The Bakersfield Californian from Bakersfield, California on January 17, 1933 · Page 14
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The Bakersfield Californian from Bakersfield, California · Page 14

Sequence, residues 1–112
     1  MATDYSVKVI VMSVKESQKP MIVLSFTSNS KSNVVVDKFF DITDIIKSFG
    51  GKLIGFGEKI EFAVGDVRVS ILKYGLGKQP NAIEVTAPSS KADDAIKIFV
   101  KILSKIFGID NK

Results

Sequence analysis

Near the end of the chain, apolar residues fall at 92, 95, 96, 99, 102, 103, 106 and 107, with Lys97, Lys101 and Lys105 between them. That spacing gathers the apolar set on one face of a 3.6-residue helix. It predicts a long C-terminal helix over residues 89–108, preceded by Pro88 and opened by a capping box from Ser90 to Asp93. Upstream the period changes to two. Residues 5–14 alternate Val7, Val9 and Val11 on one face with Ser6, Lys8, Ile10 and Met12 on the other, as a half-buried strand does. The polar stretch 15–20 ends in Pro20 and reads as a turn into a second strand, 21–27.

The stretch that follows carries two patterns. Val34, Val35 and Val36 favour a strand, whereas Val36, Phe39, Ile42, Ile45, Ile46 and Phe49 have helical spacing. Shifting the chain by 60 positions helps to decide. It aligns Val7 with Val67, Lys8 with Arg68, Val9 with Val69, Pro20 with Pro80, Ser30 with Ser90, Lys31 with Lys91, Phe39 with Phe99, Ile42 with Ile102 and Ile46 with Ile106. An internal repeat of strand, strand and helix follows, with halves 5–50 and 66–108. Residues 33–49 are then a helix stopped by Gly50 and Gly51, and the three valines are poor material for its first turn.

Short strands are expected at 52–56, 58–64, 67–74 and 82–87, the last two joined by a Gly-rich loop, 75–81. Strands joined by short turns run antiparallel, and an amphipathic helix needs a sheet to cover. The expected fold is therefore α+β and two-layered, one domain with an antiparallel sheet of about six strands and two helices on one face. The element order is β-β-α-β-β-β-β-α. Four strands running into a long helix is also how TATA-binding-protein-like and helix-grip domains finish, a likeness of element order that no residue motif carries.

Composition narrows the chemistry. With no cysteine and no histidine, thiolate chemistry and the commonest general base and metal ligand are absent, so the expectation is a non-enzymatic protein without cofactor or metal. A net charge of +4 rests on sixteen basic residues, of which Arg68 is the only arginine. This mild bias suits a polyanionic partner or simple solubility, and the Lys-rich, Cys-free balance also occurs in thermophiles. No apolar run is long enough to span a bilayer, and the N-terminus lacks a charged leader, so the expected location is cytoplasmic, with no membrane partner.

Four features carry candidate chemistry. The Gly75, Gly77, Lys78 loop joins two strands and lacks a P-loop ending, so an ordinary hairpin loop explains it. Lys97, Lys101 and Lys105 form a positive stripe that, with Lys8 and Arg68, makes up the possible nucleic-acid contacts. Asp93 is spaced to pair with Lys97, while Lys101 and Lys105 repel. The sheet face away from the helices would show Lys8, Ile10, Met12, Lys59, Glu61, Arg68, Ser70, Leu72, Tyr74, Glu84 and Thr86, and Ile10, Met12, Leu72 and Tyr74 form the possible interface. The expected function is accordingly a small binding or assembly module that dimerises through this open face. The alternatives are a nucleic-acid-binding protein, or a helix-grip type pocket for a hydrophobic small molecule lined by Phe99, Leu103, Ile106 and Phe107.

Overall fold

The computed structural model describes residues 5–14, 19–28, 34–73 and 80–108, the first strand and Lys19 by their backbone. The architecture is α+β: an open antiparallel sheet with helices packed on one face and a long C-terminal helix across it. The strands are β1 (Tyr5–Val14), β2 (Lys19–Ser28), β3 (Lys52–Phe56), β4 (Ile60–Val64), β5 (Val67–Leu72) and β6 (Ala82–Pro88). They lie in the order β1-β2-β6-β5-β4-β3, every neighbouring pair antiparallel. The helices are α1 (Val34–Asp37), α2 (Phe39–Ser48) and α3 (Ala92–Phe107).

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TUESDAY, JANUARY 17, 1933 Cbttorial }3agc A L F R » D H A'Jl ft.tt b 1J • / EDITOR AND PHOWUKTOB ' ( ,'. __. ... J_. Califoroian Issued livery Evening Except Sunday In Bukersllold, Kern County, California Entered In post, office at Bakersfteld, California, as second ciluss mall matter under the Act of Congress March a, 187!). MEMBER OF THE ASSOCIATED PRESS The Associated Press Is exclusively entitled to the UFO for publication of all news dispatches credited to It or not otherwise credited In this paper, and ulso the local news published therein. The Callfornlan Is nlso a client of the United Press and the United News and receives the complete leased wire service of both. EASTERN REPRESENTATIVES Bryant, Griffith & Brunson, Inc. Xew York, Chicago, Detroit, Atlanta WASHINGTON (D. C.) BUREAU Frederic J. Hnskln, Director, Washington, D. C. THIS PAPER IS MADE IN THE U. 8. A. ON THE OTHER HAND V I IEW1NG the number of unemployed men and women in the country, casual observers of industrial- conditions find it difficult to reject the conclusion that displacement by machinery is responsible for these conditions. But there is a wide difference of opinion, since it is possible to present figures which apparently contradict the theory that machines have caused a major part of our economic distress. For example, a newspaper correspondent writes in a discussion of technological unemployment that he is "proud to think of what the printing press has done for enlightenment." The Xew York Times, which published his letter, observes that the general tone is favorable to the machine, and that the correspondent takes satisfaction because the linotype machine enables him to do the work of four or Jive men. "But," adds the Times, "he cannot forget that each linotype machine has displaced five or six hand compositors." In this connection it is interesting to consider some facts as presented by the editor, who questions the necessity of restating one that has been taught for a century to generations of children. It is flatly asserted that machines do not "displace" labor, because they increase production so many times that, as a rule, there is work for more men than ever. Then we are told that in the year 1910 we had in this country 127,000 compositors, linolypers and typesetters. In the year 1920 we had 140,165, and in the year 1930 we had 183,632. So the question logically follows—where has the displacement been? Then the Times says: "The increase between 1910 and 1920 is small because for the country as a whole this was the period of the introduction of the typesetting mach'ine. Yet even in this transitional period there was only a slight relative decline, from one compositor for every 725 people to one for every 760 people. In 1930 it was one compositor for every 660 people, a decided gain over the year 1910." Taking the printing and publishing trades as a whole, it is pointed out, the number ol gainfully employed went up from 286,000 in 1914 to 358,000 in 1929. The years after 1920 were a period of much newspaper consolidation with consequent loss of employment for newspaper writers and involving a great deal of hardship, physical and mental. But in 1920' the number of editors and reporters was a trifle over 34,000; in 1930 they were verynearly 52,000. Their increase was much faster than the rise in population. Whether this was a gain or a loss for the country, may be left to the judgment of the reader. Going much farther back into the history of the printing trades, the writer strengthens his case for the machine. "Who were these hand compositors whom the linotype is supposed to have displaced?" he wants to know. "The typesetter of the pre-Mergenthaler days was himself a product of a machine. If Gutenberg had not invented movable type in the fifteenth century, there would have been no hundreds of thousands of compositors lo. be threatened by machine composition in the twentieth cenlurv." of dissociation from crushing burdens of official responsibility. Otherwise Ihe statements attributed'lo the British leader might well stir a good deal of resentment among the people of this coun- Iry, as well as several others, Lloyd George offers no mild criticism of Ihe United States, while excoriating Liberalism in his own country. "The United States government was moribund, like a wasp when Ihe Summer has past, with' just one sling left in its tail," he is quoted. "And the government stung us badly, to the exlenl of 30,000,000 pounds," Moreover, he said h'is own government was "bluffed" by Premier Bennelt of Canada, "defied" by Japan, and "bullied" by Ihe United Stales. * But it must be remembered that, Lloyd George no longer speaks for Great Britain with Ihe voice of high authority. And\if he chooses lo despair of civilizalion's survival unless Ihe world accepts the theories and political policies of Stalin and Mussolini, he will at least have approbalion from Ihose sources. Americans, for Ihe most part, will prefer lo picture Lloyd George as he was on the occasion of his last visit to the United Stales, when he received honors due a greal exponent of democracy in government. MENACE TO FARMERS W By FREDERIC J. HASKIN Tho rMourcei of our trio Information Ifljreiu ar« »t your terrlco. You ire IHTlttd to call uimn It lu Often » >ou pl«»le. It IB being maintained iMoly to ietr« rou. Whtt uuntlon cm WB-amwef .for jouf .There lt.no Chun* it all eicovt 3 cent* In coin or itampi for return poiUuo. Do not uie tio«tc«rcl». Adttrem your letter to Tho nikcrifleld Cillfornlan Tn- rnrmntlon Bureiu, Jfrederlc I. Huliln, Director, Washington, D. C. Q. In contract bridge, doea the bonus for the rubber go to the side that wins the two games, or the side that wins the rubber on account of laving higher score through penalties?—M. C. . A. The bonus for the rubber Is put In the honor column of the side that wins two games. Tho scores aro then, added, and the side that has the net score (the difference between their total points) Is considered the winner of the rubber. Q. How does one get a radio license?—L. P. D. A. The Federal nadlo Commission says, In accordance with an act of Congress, one applying for a radio license must first apply for a construction permit. After he has been permitted to build and his station Is completed, he may apply for a broadcasting license. To be eligible to this license ho must fill out an application blank for a certain frequency upon which to operate and give particulars relating to the station. If this Is agreeable to the commission, he may bo given a license. BEGIN HERE TODAY Sheila Shayne, II, whin aarenti wan wall- kiiattn vaudovllli aetari, li lii' Naw .Vark latk. 1*1 far wwk. Slialla li * dantar. tha h«« «M»t almeit her entire Ufa an the Matt, tint tntvallni with her aarariU, Raw that. Mel later In vaudeville and read iHawi, Sheila llvei at Ma Lewell'i theafrleil raamlni haute. Myrt, a vaudeville pirfermar alia aut ef wark, llvtt there, tee. Over the breaMeit table ana merfilnn Sheila eonfldei te Myrt that her treat amblllen It «e marry and have a name Ilk* theie tha hat been In imall tawni In which the hat played. , ' Ma Lewell Inlerrupti them te anniuaie that a teleahana call; hat eama far Sheila. It U an after-far her ta fill In far Daily Olea»en, analher dancer, whe hat tpralnad her ankle. Sheila airatt eaierly and aata eW far Jte Parlt' alflea ta rehearte. At aaeut the' tame time twa wealthy yauni men, Trevar Lane and D l«k ; Stanley,, are <•)•• eutilni plane far tha party Lane la te ilvt that nliht. They decide ta ie t* Parlt' alflea tt hire wine entertainer!. NOW'GO ON WITH THE STORY ARN1NG given by the secretary of the California Farm Bureau Federation at a meeting of Farm Bureau directors held here recently, to the effect that powerful and selfish interests concerned with the buying of farm products are seeking to break down the extension service operated for educa- | tional purposes by the farm organization, lolds deep interest for all agriculturists who have participated in co-operative movements designed lo be helpful in the production and marketing of their crops. According lo this authority, groups of brokers are opposed to any interference with their private "handling" of wheat, cotton and other commodities, and have established propaganda bureaus in Chicago and Washington, D. C., with intent to influence both the farmer and the consumer against the extension service. It need not be pointed out that anything that tends lo interfere with or destroy the efficiency of Ihe co-operative machinery which has been developed by -farmer organization must be detrimental to agriculture as a whole. Methods now employed under the direction of unselfish leadership represenled by Ihe Farm Bureau and the Federation have proved their efficiency and justified Ihe time and cost.necessary to promote them. When propagandists attempt to advantage themselves by destroying this protection for farmers, the latter may be expected to place their strongest support at the command -of Farm Bureau leadership in fighting such movements. Q. Who won the figure skating events for. men and women In the III Olympic Winter.Games at IJake Placid, New York, In February, 1932?—M. D. A. Sonja llenle of Norway won the women's event, and Karl Schafer of Austria won the men's event. Q. How much money has been invested In motor vehicles In the last twelve years In this country?—B. R. A. It Is estimated that Americans have Invested twenty 'billion dollars In motpr vehicles In the last twelve years. ' In addition, about ten billion dollars has been Invested In garages and filling stations. RANDOM NOTES Opinion seems to be growing at Washington, as well as in other important centers that Federal ownership and operation of the nation's railroads is something that government must face in the not far distanl future Those who vision such activity base their conclusions upon probable inability of the transportation systems lo repay the tremendous government loans obtained*through the Reconstruction Finance Corporation, even if business conditions should materially improve within the next few years. Default by the railroads is bluntly predicted by Senator Lewis of Illinois, who is qnoted in a Washington dispatch as saying: "Loans advanced to railroads by the Corporation will nol be paid, and the government, sooner or later, will be compelled, first to supervise, and then to lake over ownership of the railroads." Q. When did.the Fascist!'come Into power?—S. I. A. Fasctstl Is the name given to the members of a movement formed In Italy In 1920 to offset the work of the "reds" and radicals In that coun- ry, who had become powerful during he World War. The Fascist!, headed >y Benlto Mussolini, seized control of ho.Italian government on October 30, :!)22. and affirmed their allegiance to he king. Mussolini's government has practically become that of a. dictator, although he has been supported by the king. The emblem of the Fascist!,originated In the word fasces, which was a bundle ot rods, containing an ax, carried by the llctors before the nagistrates of ancient Rome as a symbol of authority. Q. How many dally newspapers are published in the United States?—!,. M. A. In 1932, there were 2416. . Q. How should a fishbone or meat bone be removed from the mouth?— S. N. A. Remove It by grasping it between the thumb and first finger. Lay the bone on the edge of the plate. Q. When was the recall first practiced in American politics?—Li. J. A. Contrary to general opinion, the recall is not an Innovation of modern politics, but has been known since revolutionary times. Pennsylvania's delegation to the Continental Con- gross who refused to sign the Declaration of Independence were recalled and others sent in their places. Los Angeles was 'the first city to adopt the recall, the amendment to Its charter in 1903 being modeled after the cantonal law of Schaffhausen, Swlt- cerland. Q. When did the manufacture of silverware begin in the United States? —C. H. CHAPTER III, Sheila walked across , Forty-ninth street to Broadway and.ran 1 lightly up, the stairs to Joe Paris' place. There was an-elevator—if one cared to wait for it. Sheila could delay to buy flowers from a street peddler but now a minute was too much to waste on the likes of breath-savers such as elevators. To be sure the Job in prospect wasn't much—filling In for Daisy. But It was a Job nevertheless. Daisy couldn't dance but, being married to Roscoo, leader of his own band and crazy about her, it had been easy for her to win a place In the show. Sheila could fill the part far better than Daisy and knew It. She wondercd-^not un/ kindly—If Daisy's sprain was serious, If it would lay her up for some time. Sheila devoutly hoped that It would. She was a little excited 'about coming to Joe Paris' place. Joe was the "King of Tin Pan Alley." He was the singing waiter from the Bowery, married now to a society girl. Joe Paris' name on a song .was like sterling on silver. His praise meant Instant success! Joe of course had not hired Sheila for the part with Koseoe. Roscoe must have telephoned to Bill Brady and nsited for suggestions. Bill had remembered that Sheila was not working. I%equently Joe loaned his practice rooms to dancers learning a routine—especially when they -plugged his songs. Sheila was sure Joe Paris had never even heard her name. She was right In thinking Bill had suggested her but wrong in thinking Joe Paris did not know her. * He had heard her sing and when the time came that she could be useful he would know where to find her. Until then there was no use getting her hopes up, as a call from Paris himself would have been sure to do. * • • i UpstSIrs in Joe's shop everyone was busy. There was a long counter behind which a girl answered Incessant calls from the telephone and took cure of visitors. Pianos Jangling. Jazz throbbing. Someone crooning. Down tho corridor were little practice rooms, a piano In each. Dance producers shouted to overworked, perspiring performers. Someone was trying out Joe's latest song. Sheila, ever entranced though It was all so familiar, loved the blare of melody, the jangling discordant sounds. She loved the raucous voices, the sight of sleek-hipped, busy dance arrangers moving briskly here and there, tho swarthy pianists, thick cigars hanging from the corners of their mouths, whoso pudgy hands, lingering over tho keys, could squeeze out- un- guessed melody. Sheila had often bee.n at Joe's' to see Blind Tlmmy. Tlmmy worked -there and drew a ..fair salary, though whether from tho kindness of Joe's heart or from actual worth Sheila did not know. She had seen Joe, himself, slim, dapper, Bleok of hair, abstract of.«ix-> iresslon, wandering about the place, ils'hVtt on the back, of his 'Well- groomed head, hands In his pockets. Or walking briskly toward his private office, deep In conversation with an' assistant. She had seen him pausu jy. Blind Tlmmy's piano, pat the bent shoulders, whisper words which seemed to bring happiness to the pa- lent- old' face. Sheila loved to BOO Blind Tlmmy's face glow t»t those scant words of praise. 'Joe was a big shot now but he remembered When iie' had been obscure, struggling. Un- tke v many others who had risen to success he was'constantly on the lookout for talent to match his own. AU the counter the blond, smartly groomed girl looked up from the telephone long enough to inquire of Sholla what business had brought her "hither, to nod absently and shuffle a handful of cards, abstractedly -murmuring 'Shayne" as sho did so. ' A look of understanding spread over her bland countcance as she' held a. card separate from Its ftllows 'and studied It. Sheila wondered what secrets it held. "Brady's waiting for you. Third door to tho le.fi," tho girl assured her amiably. » • * .' Sheila hesitated. "Will—can—Blind Tlmmy play for me?" she asked. She know that it did Tlmmy no harm to be asked for particularly. More than that; Timmy would be helpful at such a time. Brady could scowl and rant but the nodding'Tltnmy's head as he listened for the click of her tiny feet was Sheila's barometer. Tlmmy could detect the slightest off step, could indicate that a step had been well done. "Tlmmy knows me—" she went on timidly. Tile girl nodded. "Brady's asked for him already. They're both in there waiting. Better hustle." Sholla breathed more easily. She had one day, hardly that, In which to memorize the routine. Brady would be sure to make tt more intricate when ho saw her in tho offing. She could dance all around Daisy. In tho practice room she found Tlmmy, his hands wandering over tho keyboard, blind eyes fastened on the celling, ears(cocked for Sheila's footsteps. Brady, a slim-waisted, sophisticated youth, paced the floor Impatiently. She knew Brady—a slave driver but an excellent teacher. He's work you unmercifully, but you'd have n routine when he finished with you. " 'Lo, kid," he vouchsafed In her direction and broke into a fox trot, clumsy for all his sllmness. Running his eye over her figure in reluctant approval, lie grunted, "You are taller than Gleason." "Sure. But my feet are just as near the floor." "An" Gleason Is Roscoe's wife. Remember that. Don't try to walk away with the act because you can't do it." "I'm only planning to fill in, Bill. Daisy'll be laid up several weeks, won't she?" "Can't tell. Sometimes those sprained nnkleH—" Blind Tlmmy turned from the piano sharply. "Shayne here Is a real dancer. She'll show up> Gleason." Once more Brady grunted. "Well, we aren't running any marathons. All we have to do Is teach her the routine. No matter how bad she Is—or how good—when Gleason Is able to dnn?e again Shayne is through." It's a Job, Bill. That's something." Bill sighed as though he . himself were jobless. 'You said It, kid. These days. Listen, this Is your first step, the kick off. One two, one two, three and four!" He ceased abruptly. "When'd you dance last?" "Five weeks ago," Sheila answered ruefully. "I'm duo lo >e lame, BUI, I know that." , •".'.• Sheila stood on the floor Waiting, It was fine to bo back at work again, even though her dream had been Big Time or a specialty in a musical show. Hero she was, delighted to be filling in for Daisy QleuHon • whose only claim to the "profession" ''.was that, she had married Ilosooe. 'There was a happy ootiplo for you In the stage world! Hoscoe and Daisy. One said Roscoe and Daisy as If the names, had grown together, were syllables of the same name.. Never a quarrel,, never a cross 7 word'between them as far as anyone knew—which was pretty far In the'show business! Sheila had tossed off her coat, and stood in the little* suit skirt arid frilly white blouse, hardly a practice costume but donned to impress tho managers who would not have lifted an eyebrow had she arrived In plaid pajamas, so hardened were they to unusual costumes and feminine charms. "Llste'n," Bill stopped scowling long enough i to say. Hop out to the desk and ask Mabel to give you a suit of rompers. I've got some lively kicks coming and there's no use ruining a decent skirt." Mabel was none too cordial. She was being interrupted for the third time that morning in a confidential telephone chat with her young mun. She hud ridden to work with him that morning on tho Bronx subway and would see him at lunch, but love Is love! "Oh, honey," Sholla walled, handing back a size 40 suit of practice clothes. "I can't wear that! Give me a break, wJH you? AVhat on earth do you think I've reduced 10 pounds for?" "I'll ask the Prince of "Wales," replied Mabed haughtily but presently she fung a suit of blue, just Sheila's size, at her from the collection In the lower desk drawer. , ° Dressed for work, Sheila watched Bill move through graceless gyrations with elephantine skill. She did not dream of smiling, oven Inwardly These steps, shorn of Bill's quaint earnest Interpretations, were suave fascinating. His routines were known —and copied—up and down Broad"You take a couple slides here see?" said Bill between scowls. Unexpectedly ho stopped, one foot suspended in midair. "Now you try, sister," Bill Brady ordered. (Continued Tomorrow) TEN YEARS AQO , (Tin CullfornUn, tlili clalc,-19M) , A contract for the constructlbn of .he new Masonic temple there will be signed In a few days and work begun,- While the faqilly.of A. G. Fugard, !021 O street, was at dinner, a thlof ooted tho home last night,' The Irish .regimental band of-To* 'onto-gave a fine Concert here ItrSt night 'under the direction of Lieutenant J. A, Wiggins; ' < Rain la saturating the hills and Fields' of the county today. Led by Charles Smith, undershof- Iff, a raiding party confiscated six barrels of-liquor at a ranch house in the Panama district.' W. .B. Morgan and R.' B, ; ,pady .ar« planning on opening a branch real «•• tato office In. Los Angeles. > . TWENTY YEARS AGO (Tho Cillfornlin, thl« ilili, 1013) Tho San Joaquln Light and Power Company's magazine, will contain an • article ubouf the work being done Ht tho high school's experimental farm. F. G. Fulton, supervisor of stations for the S. P., has returned here after a business trip. The good roads essay contest sponsored by The Bakorsfleld Callfornlan has evoked. Interest all over the state. '• '• • H. A. 'Jastro and Henry Kllpsteln will leave for Phoenix to attend the American National Livestock Association meeting. Miss ISllen Oyster was hostess to the Kern Club at her 'homo on Nlles street. Miss Ellen Kelly will start teaching, at Kern on Monday. THIRTY YEARS AGO (The Cillfornlui, Dili dale. 1003) The Woman's Club gave, a reception for tho Mandolin Club at Library' hall. The Bakersfleld Club Is expected to give one of the finest dances of the year . here on the twentieth of this month. There are ndw more than 6000 books and pamphlets in the library according to the annual report. Surveying Is being done now for street Improvements. The city Is preparing to build a flrehouso on the south side of the railroad. The firemen are planning a ball here. HIS SWAN SONG T HE views of David Lloyd George on world problems, us recently expressed in an interview with the United Press, call for generous measure of sympathy for one who, on the eve of his seventieth birthday anniversary, plans absolute retirement from Hit* field of political achievement in which his leadership for a long period of years was marked by extraordinary brilliancy and ability. It will be widely regretted that Lloyd George's swan song is strongly tinged with bitterness, with the flavor of a cup that has been tasted by other statesmen as they passed from power and prestige into the obscurity of private citizens and detached observers. That the once-fiery Welshman who guided the British ship of state during the war is now completely out of sympathy with present governmental policies nnd authority is clear. Nor do we have to guess that lie is tired, discouraged and in sore need Dr. Max Winkler, noted eastern econ- discloses that prominent legislators privately express their belief that government operation of the railroads is only a matter of lime, one of them placing a limit of six months as the period in which it will be demonstrated that no other practical solution of this difficult problem remains. Nor does that, in his opinion, carry any promise of real benefit to the public. Naturally such views are not concurred in by railroad authorities. They express confidence thai they will be able to weather the economic and financial storm. Moreover they point out that if they are given an op porlunity to earn a fair return, and competitive conditions in the transportation field are equalized, their problems will be greatlj simplified. One outstanding objection to government ownership suggested by the rail roads is the probable induction of all prcsen railroad employes into the Federal service Ihus creating a powerful political maclu'ne By DR. FRANK McCOY Omitloni written by reader* ef The Cullfernlan, iddreiied to Dr. Frank McCey. 681 Seuth Ardmere menue, Lei Angel.i, will ke tntwered. Incloie * lelf-iddreued itamted enveleve. SOME OF THE MANY KINDS OF SORE THROATS re apt to be marked, Including fever, leadache, weak n C.MS; some coughing T REASURE House of the Living Religions," compiled by Robert Ernest Hume of the Union Theological Seminary, Is u deeply Interesting collection Of quotations from the sacred books of the world—a sort of passlng-ln-revlew of the faiths by which men all over the earth have ordered their .lives and shaped their hopes of the future. Grouped together according to subject matter aro quotations from the scriptures of Christianity, Buddhism, Islam, Taoism,* Judaism, Confucianism, and other great religions. Thumbing through the book, you can note, for example, the authorized Christian view on the Immortality of the soul, or nonreslstance, or man's duty to his neighbors, and compare It with the views of the Buddhist, the Hindu anfl the Moslem. And as you study the book you will be struck by the way in which all of these religions, In the end, seem, to say much the same thing. Not, of course, that they are Identical in spirit or In emphasis—far from it. But there Is a kinship, somehow, running through them all. "Treasure House of the Living Religions" Is, In short, an Illuminating book. It provides an excellent way of getting a glimpse at the creeds-of races und nations which we ordinarily look down upon as heathens. Published by Scrlbner's. Difficulties in learning to read are four times as common In boys aa among girls, says a neurologist. Which may account for dad's consistent failure to read what's on mother's mind. A. Silverware manufacture in the United States dates from 1842. „. Q. Is the service of the White 'Touse paid for by the president, or "iy the government?—L. F. R. A. Cooks, chambermaids, laundry women, butlers, and pantrymen, about 20 In all, are provided by the government. Such personal sen-ants an the President and his wife may choose to accompany them to the White House, are paid for by the executive. Q. Is a patent assignable?—P. O. A. If a part or whole Interest In a patent is transferred for a valuable consideration, the Instrument by which this Is done is called an assignment. Q. Please explain why $100 in gold s not worth $119 in Canadian currency.—W. E. S. A. The federal reserve board says: "American gold coin is less valuable than American paper money In Can- ndn, because tho gold cannot be shipped out of the country, while in Canada It has by law the same value as Canadian money. Paper money, on tho other hand, can be shipped to the United States where It commands u. premium over Canadian money." Q. How does one secure a teaching position In the United States detached territories—F. F. A. Application for teaching positions in tho United States detached territories should bo made lo the following offices: Alaska, department of Interior, Washington, D. C.; Hawaii, superintendent of public instruction, Honolulu, Hawaii; Panama canal zone, Panama Canal, Washington, D. C.; Philippine service, civil service commission, P at Seventh street, N. W., Washington, D. C.; Porto Rico, chief of the bureau of Insular affairs, Washington, D. C.; Virgin Islands, governor of the Virgin Islands, St. Thomas, Virgin Islands. Q. Who Invented the loe crenm freezer?—D. L, A. It is generally believed that the first loe cream freezer was patented by Nancy M. Johnson In 184S. However, there Is a memorandum In Washington's Cash Book to the effect that he purchased un ice cream machine May 17, 1784. T HE term "sore throat" may cover a multitude of ills, depending upon which part of the throat is affected. Should the tonsils be acutely inflamed, it Is called tonsillitis; while, if tho back of the throat behind tho soft palate is inflamed, this denotes pharyngitis; when most people complain of sore throats, they mean this type. When the voice box, or larynx, which is marked in front of the neck by the Adam's apple, Is the part inflamed, it is called laryngitis. If an acute suppurative process forms on a tonsil, this Is termed quinsy. Sometimes a case which seems to be simple tonsillitis Is in reality diphtheria, u much more serious disease, for which a physician should always be called. In today's article I am going to discuss some of the various types of common throat troubles: Pharyngitis or Sore Throat In an acute attack of pharyngitis, which Is usually over within four days, tho back part of tho throat uchi-H, smarts, and feels hot or dry as though one had Just eaten horseradish, while u tickling Is felt as though one had swallowed a feather. Although swallowing solid food hurts, there Is.a continual desire to cither drink water or swallow, as the throat feels. raw. Often tho patient clears the throat by raising inucua every minute 6r two, tho hearing may bo a llttlo dull and the neck glands are sometimes swollen' and tender. As long as the tonsils are • not affected, there Is not much fever. One who has n tendency to attackH of. thin nature may have ono soro throat after another all through tho winter Mention. Laryngitis or Hoarseness When the inflammation extends u little farther down the breathing tube, it reaches the voice box and, as a result, the sounds uttered by the vocal cords are altered. The voice becomes hoarse and speaking difficult, and it may even be lost for a few hours or days. Since this trouble often affecta those using the voice loudly, such as public speakers, ministers, etc., it has been termed "preacher's sore throat." t am sure however, that speaking Is not the cause as I have gone on extenslvp lecture tours for several weeks at i time through many parts of the country and. have never noticed a sore throat from this cause, which proves Q. AVhat can be used to glue two pieces of cellophane together?—R. G. A. Any commercial glue IB usually satisfactory. There Is ulso a waterproof cellophane which can be cemented by wetting tho surface with acetone und pressing together. that public speaking IB not the only cause of hoarseness. Moat cases are very mild and last for a short time only, although, they may bo made more painful by breathing -In cold 01 dusty air. Swollen or Inflamed Tonsils In un acute at tacit tho tonsils arc swollen and red and swallowing I | painful. Tho constitutional tiyinptom, may be present. If an abscess forms n the tonsils,, as In quinsy, they may >ecomo large and very hard. As u •ulo, quinsy Is weakening to the pa- lent who is restless and may moan >r (alk in his sleep. A fever of from .04 to 105 degrees Fahrenheit may be >resent, also distress upon swallowing opening the mouth. Within a few days the hard swelling should turn soft and come to a. point. 'Once It Breaks and the pus drains out, the patient feels a great deal of Immediate relief. The best plan In these :asos Is to have a doctor lance the abscess to prevent the pus from be- "ng swallowed. In tomorrow's article: Some Treatments for Sore Throats.. QUESTIONS AND ANSWERS Chayotes . QUKSTION: Mrs. Fanny II. writes: .'In your menus I notice tho mention of 'etmyote.' What kind of an animal s this? T have usked u number of people but no one seems to know." ANSWER; Tho chuyoto Is the fruit of a climbing vine of th.e cucumber 'amily. It Is grown In Mexico und In HOIIIO of the warmer purU of the United States. The fruit Is a palo green with u single large seed in tho center, which need not be removed for cooking. It resembles tho squash In flavor. Sarcoma Tumors QUESTION: A. K. writes: "I have friend who has a great deal of pain in her wide and buck and can feel that HOinethlng IK growing. After an examination the doctor finds It to be a tmrconm tumor. Suys there Is no hope for operation und that she will live longer by letting nuture tuke Its course. 1 will be very thankful to have your advice." ANSWEH: Sarcoma Is u very serious tumor and it in very difficult to advise you about this without having the patient under my own care. If the doctor stated there was no hope through an operation, about the best thing I could suggest would be to place the patient on a milk diet. This should give the patient some relief even if n cure dues not take place. Green or Overripe Fruit QUESTION: Plorlne P. writes: ."I would like to ask which is the more harmful to eat, fruit partly green or overripe?" ANSWER: Fruit should not be eaten In either condition. Green fruit may sometimes be cooked und made edible, but overripe fruit should always bo discarded. ,. Oueillem written by reidert of The Oilllor- nlui.-iddretMd te Or. Frink'McCey, Builders Etehinie Bulldlni, Lw Amelfi. will b* tn< ewered. Ineleie iel|.|ddre»ed ttemped tnvilepe. Wouldn't -It be refreshing -to read sometime that the old theatrical tradition had been broken by some touching Incident and that "the show did not go on?" Hardened to Chicago's rigorous climate, Samuel Insull professes a sudden delight In the mild winters of Greece, and Robert Elliott Burns, tho "chain gang fugitive," disavows Georgia's temperate clime In favor of a habitat In wintry New Jersey. So It goes. Well, U appears that the folks who were afraid President-elect Roosevelt woulb do something radical wero right. He says he'll keep every campaign pledge. Most comedians, says a producer, have a conviction they can play tragic roles. And so,, alas, do a lot of misguided tragedians.. LORD MAYOR'S SHOW 1 only commenced to work when I was 50.—Former Governor Alfred E. Smith of Now York on his fifty-ninth birthday. Wo might as well admit that we are a nation of hard liquor drinkers. I don't know who is going to drink ail the beer and wine" that they plan to legalize.—Police Commissioner Edward P. JIulrooney of New York. Nations and Individuals are not comfortably lifted out of bad times. They must dig theinHejves out.—Hurry F. Sinclair, chairman ot the executive committee, Consolidated Oil Corporation. Wo have just begun.to fight and are taking the offensive for the first time in 15 years to give real battle to the wets.—O.'G. Crlstgau, usslstant general superintendent, of Anti-Saloon League. If n town has an epidemic, that's the worst possible, time to close up the hospitals. Any community that falls In this depression to keep open Its libraries is making a grave mistake.—Harry M. Lydcnberg, president of the American Library Association. Anyone, who in November cries with poetic zeal, "Oh, to be ' in London now!" Is probably thinking of the Lord Mayor's Show which occurs on November 9, as It has for many centuries, for the .first mayor was appointed In 1189. It is u pageant or medieval procession of the Trado Guilds, Alderman, with the (fjord Mayor In u gilded heavy coach, which Is watched from the sldewulks annually by thousands of Londoners .as well as visitors. The procession marks the assumption of office by; the new Lord Mayor and ends at the old Guild Hall when a huge feast is prepared for the city fathers and citizen notables. A v London boy who has not "seen the Lord Mayor's Show probably does not exist. WELL CONTROLLED Lawyer—Was your car under complete control at the time? Defendant—Yea, my wife, was sitting In the rear seat.—The Wheel. A THOUGHT And .forgive thy people that have sinned agalntt thee, and ill their transgressions wherein they fiave transgressed against thee, and give them compassion before them who carried them captive, that they may have compassion on them.—I Kings 8:50. ''***( He who in false to his fellowmon' Is also false to his Maker.—Stun!. ' TABLET HONORS HAWTHORNE On the house in Rook Park, Rock- ferry, Blrkenheud, England, where Nathaniel Hawthorne, the New England writer, lived when he was Amerl- cuii consul In Liverpool, has boon placed a tablet In hlu memory. The Inscription reads: "Nathaniel Hawthorne, novelist, resided hare from 1854 to 1858." TEACHERS NEED THIS SOVIET UNION MAP. « This map Is of especial value to teachers and students, but anyone who Is curious about or Interested In the domain of the Soviets should secure a copy. It is geographically as .accurate and UH up-to-date as expert cartographers can make It and shows all the vast territory that wus once Russia and Siberia, us well As part of all bordering territory. It carries ' an explanation of the Soviet system of government und population and commercial statistics that was suppllud by the Amtorg Corporation, which represents the Soviet Union in tliu United .States. A copy of the map will be sent to any address for 10 cents In coin. Fill out and mail this coupon today. The Bakersfleld Callfornlan Information Bureau, .« Frederic J.'Haskln, Director, Washington, D. C. ^ I enclose herewith 10 cents* in, coin (carefully wrapped) for a copy of the "Map of the Soviet Union." 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